• Furniture and Business Equipment: What would happen if your office got vandalized overnight and you found yourself with broken furniture? Could you afford to replace it? Furniture, such as desks, chairs, and tables, while fairly easy to replace, can quickly add up. Business personal property insurance would cover the replacement of these items. Pay special attention to business equipment that is unique or critical to operating your business such as a printing press or a machine that fabricates sheet metal. Delays in replacing such critical and unique equipment can significantly impact the ability of the tenant to resume operations.
  • Technology: Such as computers, printers, copy machines, phones, etc. It is important to note that this only covers the physical asset itself…not the data stored on the technology. Software such as installed programs should still be covered though. Leased equipment such as printer/scanner/fax machines are usually the responsibility of the leasee to insure and can be much more expensive than expected. Be sure to review these requirements in your contract.
  • Important Company Documents: Accounting records, operational agreements, non-disclosure agreements, shareholder agreements, licenses…the list of important paperwork to keep on file can vary for each company. However, replacing these documents is not only a pain, but also costly. A business personal property insurance policy will reimburse you for this often-overlooked loss. Perhaps an investment in a fireproof safe or filing cabinet could alleviate risk of loss. Considering multiple electronic backup copies of these documents offsite could save much hassle.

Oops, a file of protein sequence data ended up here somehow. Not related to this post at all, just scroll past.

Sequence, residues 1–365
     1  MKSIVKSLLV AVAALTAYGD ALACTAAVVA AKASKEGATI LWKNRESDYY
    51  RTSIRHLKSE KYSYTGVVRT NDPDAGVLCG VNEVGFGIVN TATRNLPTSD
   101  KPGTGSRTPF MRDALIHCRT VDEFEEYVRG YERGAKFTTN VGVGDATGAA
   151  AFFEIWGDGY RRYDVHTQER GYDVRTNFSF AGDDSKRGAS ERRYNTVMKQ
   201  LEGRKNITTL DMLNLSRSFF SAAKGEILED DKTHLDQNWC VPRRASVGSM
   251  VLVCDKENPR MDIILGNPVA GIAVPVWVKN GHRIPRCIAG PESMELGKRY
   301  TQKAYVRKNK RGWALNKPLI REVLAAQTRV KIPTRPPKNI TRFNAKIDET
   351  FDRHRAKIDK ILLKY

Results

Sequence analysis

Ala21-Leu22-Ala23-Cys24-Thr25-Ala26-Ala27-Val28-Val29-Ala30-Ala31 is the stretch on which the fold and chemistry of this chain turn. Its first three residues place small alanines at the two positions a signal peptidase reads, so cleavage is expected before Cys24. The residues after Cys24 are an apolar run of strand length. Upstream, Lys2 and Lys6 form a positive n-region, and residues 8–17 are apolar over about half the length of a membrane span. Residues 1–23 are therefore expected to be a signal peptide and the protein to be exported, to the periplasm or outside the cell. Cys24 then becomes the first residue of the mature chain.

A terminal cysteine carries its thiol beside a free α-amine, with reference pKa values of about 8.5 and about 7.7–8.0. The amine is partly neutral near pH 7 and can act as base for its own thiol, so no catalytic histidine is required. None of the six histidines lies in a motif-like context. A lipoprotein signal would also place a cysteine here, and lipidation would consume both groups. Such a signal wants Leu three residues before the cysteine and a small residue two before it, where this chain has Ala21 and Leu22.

• Business Income: One of the costliest side effects of property damage can actually be lost business income resulting from the damage. Depending on the extent of the damage, your business operations can be severely disrupted while you wait for replacements to arrive or repairs to be made. (There is typically a waiting period associated with this). The lack of adequate business income insurance is the most common cause of businesses failing to re-open following a loss event.

As with all insurance policies, it is important that you select the best policy to fit your coverage needs. We will be discussing the danger of underinsuring your business property coverage in a future blog and how you can accurately assess your risk. Stay tuned for more to come…

If you have any questions, please don’t hesitate to email us or give us a call.

Disclaimer: All data, information, and opinions provided on this article, newsletter, or blog is for informational and educational purposes only. While every caution has been taken to provide readers with the most accurate information and honest analysis, please use individual discretion before making any decisions based on the information in this article, newsletter, or blog. Georgetown Insurance Service, Inc. is not responsible if its readers happen to experience loss, injury, or damage resulting from its display or use. All information is provided on an as-is basis. This article, newsletter, or blog does not represent the thoughts, intentions, plans, or strategies of any specific Insurance Carrier, Georgetown Insurance Service, Inc. partner or affiliate.